Our blog has moved, and is new and improved.

You should be automatically redirected in 3 seconds. If not, visit
MinnLawyerBlog.com
and update your bookmarks.

Friday, July 25, 2008

Right out of the gate, Ramsey judicial race generates some heat


The eight-attorney race for the open seat in Ramsey County is shaping up to be a hotly contested one. (The seat was left vacant by retiring Judge John Finley).

The opening salvo was fired by the campaign of Gail Chang Bohr (right), which shot off a letter to another candidate, assistant Hennepin County attorney Howard Orenstein (left), calling him to task for attending and discussing his campaign at a meeting of the Fourth District DFL Executive Committee. While court cases have cleared the way for candidates to go to political party functions, bar groups, concerned about keeping judicial races nonpartisan, have frowned upon the practice.

In the letter, Chang Bohr's campaign pointed out that the Ramsey County Bar Association planned to circulate a pledge to candidates (which it has since done) asking candidates to agree to eschew all political activities, including going to the gatherings of political parties, not withstanding the legal precedent that would allow them to do so.

Orenstein, a former DFL lawmaker, said he would not have gone to the meeting if he knew it would conflict with the pledge candidates were going to be asked to sign. He also said he downloaded and signed the RCBA pledge as soon as it became available on the group's website, and intends to abide by it. He maintained that he has no interest at all in infusing politics into his judicial campaign, and believes judicial races should be nonpartisan.

As far as campaign controversies go, this one's a pretty minor skirmish. What I think is interesting about it is that it is an indicator of how hard-fought this race will be as the eight candidates jockey to distinguish themselves in a crowded field in time for the Sept. 9 primary. (Only the top two vote-getters will earn a space on the November ballot.)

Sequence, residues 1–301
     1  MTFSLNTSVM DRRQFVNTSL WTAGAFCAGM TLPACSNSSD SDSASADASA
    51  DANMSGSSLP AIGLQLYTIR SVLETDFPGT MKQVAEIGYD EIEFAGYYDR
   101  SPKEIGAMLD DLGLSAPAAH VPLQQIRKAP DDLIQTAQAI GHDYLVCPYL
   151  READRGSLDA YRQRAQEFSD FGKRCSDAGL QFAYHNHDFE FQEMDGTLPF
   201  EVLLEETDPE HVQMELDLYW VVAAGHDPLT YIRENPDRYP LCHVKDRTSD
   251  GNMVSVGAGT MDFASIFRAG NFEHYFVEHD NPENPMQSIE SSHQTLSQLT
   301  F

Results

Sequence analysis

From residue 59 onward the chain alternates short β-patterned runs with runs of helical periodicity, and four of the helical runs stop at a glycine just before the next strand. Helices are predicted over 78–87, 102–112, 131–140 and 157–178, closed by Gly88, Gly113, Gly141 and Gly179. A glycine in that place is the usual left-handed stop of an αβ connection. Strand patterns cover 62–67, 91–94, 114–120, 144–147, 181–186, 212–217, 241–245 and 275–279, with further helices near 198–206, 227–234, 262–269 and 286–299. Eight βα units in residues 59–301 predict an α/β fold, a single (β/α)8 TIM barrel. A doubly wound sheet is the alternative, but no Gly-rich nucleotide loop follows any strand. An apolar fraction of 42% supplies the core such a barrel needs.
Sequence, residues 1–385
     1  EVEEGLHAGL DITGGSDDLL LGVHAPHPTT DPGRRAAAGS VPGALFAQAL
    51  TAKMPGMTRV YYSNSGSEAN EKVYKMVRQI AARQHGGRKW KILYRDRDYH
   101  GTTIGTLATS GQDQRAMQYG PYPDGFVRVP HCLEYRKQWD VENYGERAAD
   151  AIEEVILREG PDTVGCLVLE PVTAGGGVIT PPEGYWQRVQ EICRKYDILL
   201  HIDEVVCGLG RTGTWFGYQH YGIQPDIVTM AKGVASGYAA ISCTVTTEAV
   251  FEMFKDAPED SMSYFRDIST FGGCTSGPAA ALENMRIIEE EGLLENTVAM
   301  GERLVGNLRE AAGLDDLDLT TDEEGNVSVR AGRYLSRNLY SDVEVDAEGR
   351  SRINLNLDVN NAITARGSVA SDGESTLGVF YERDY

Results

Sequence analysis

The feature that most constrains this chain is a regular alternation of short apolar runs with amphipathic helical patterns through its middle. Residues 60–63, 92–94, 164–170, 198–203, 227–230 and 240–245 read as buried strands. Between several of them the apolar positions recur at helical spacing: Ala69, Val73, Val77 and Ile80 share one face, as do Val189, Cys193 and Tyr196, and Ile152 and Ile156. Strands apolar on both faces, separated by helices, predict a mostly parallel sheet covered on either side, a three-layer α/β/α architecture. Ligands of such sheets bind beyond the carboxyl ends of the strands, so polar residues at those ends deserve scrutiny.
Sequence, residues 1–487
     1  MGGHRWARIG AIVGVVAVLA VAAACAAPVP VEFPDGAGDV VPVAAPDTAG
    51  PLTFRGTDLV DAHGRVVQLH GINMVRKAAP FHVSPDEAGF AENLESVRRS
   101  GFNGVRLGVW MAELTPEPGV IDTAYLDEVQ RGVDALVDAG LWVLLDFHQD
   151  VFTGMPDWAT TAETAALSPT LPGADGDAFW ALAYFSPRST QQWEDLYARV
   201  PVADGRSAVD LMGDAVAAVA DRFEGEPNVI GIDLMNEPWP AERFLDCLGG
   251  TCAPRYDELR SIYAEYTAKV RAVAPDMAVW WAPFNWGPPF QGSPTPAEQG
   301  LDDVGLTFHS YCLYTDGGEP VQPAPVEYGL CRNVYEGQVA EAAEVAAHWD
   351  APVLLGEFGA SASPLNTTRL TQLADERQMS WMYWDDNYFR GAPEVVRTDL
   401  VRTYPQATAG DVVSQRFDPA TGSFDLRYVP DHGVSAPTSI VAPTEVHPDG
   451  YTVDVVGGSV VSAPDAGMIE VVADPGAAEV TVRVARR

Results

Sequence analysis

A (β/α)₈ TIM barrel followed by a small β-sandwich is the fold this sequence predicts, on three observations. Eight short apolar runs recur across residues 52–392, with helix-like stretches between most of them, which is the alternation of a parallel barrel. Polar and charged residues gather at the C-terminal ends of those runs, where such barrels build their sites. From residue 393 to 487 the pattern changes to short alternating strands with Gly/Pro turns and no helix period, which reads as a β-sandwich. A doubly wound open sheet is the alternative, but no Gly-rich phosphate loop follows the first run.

4 comments:

nbohr said...

It would have been nice if this piece actually listed the 6 other candidates for this judgeship.

Anonymous said...

Bohr must think she is already a judge if she is issuing 'gag' orders on other candidates!

nbohr said...

To Anonymous, NBohr made the request of the MN Lawyer, which opened the article "The eight-attorney race for the open seat.. is shaping up to be a hotly contested on..." Alas, the MN Lawyer ignored the six other candidates in this "hotly contested [race]" only to sing the praised of two very biased individuals H. Orenstein and Ms G Bohr (no relation).

It is a sad commentary, that we are actually having a primary for a non-partisan judgeship. If the point of a non-partisan race is to elect the peoples chose --- I would prefer to see all eight names on the ballot in November and the winner takes it.

We should welcome more names in the electoral mix not less.

In a spirt of openness and impartiality MN Lawyer's editor, Mr. Chohen, out to have listed in random order the names and a brief bio on all eight candidates, curing no favor from any individual.

nbohr said...

To Anonymous, NBohr made the request of the MN Lawyer, which opened the article "The eight-attorney race for the open seat.. is shaping up to be a hotly contested on..." Alas, the MN Lawyer ignored the six other candidates in this "hotly contested [race]" only to sing the praised of two very biased individuals H. Orenstein and Ms G Bohr (no relation).

It is a sad commentary, that we are actually having a primary for a non-partisan judgeship. If the point of a non-partisan race is to elect the peoples chose --- I would prefer to see all eight names on the ballot in November and the winner takes it.

We should welcome more names in the electoral mix not less.

In a spirt of openness and impartiality MN Lawyer's editor, Mr. Chohen, out to have listed in random order the names and a brief bio on all eight candidates, curing no favor from any individual.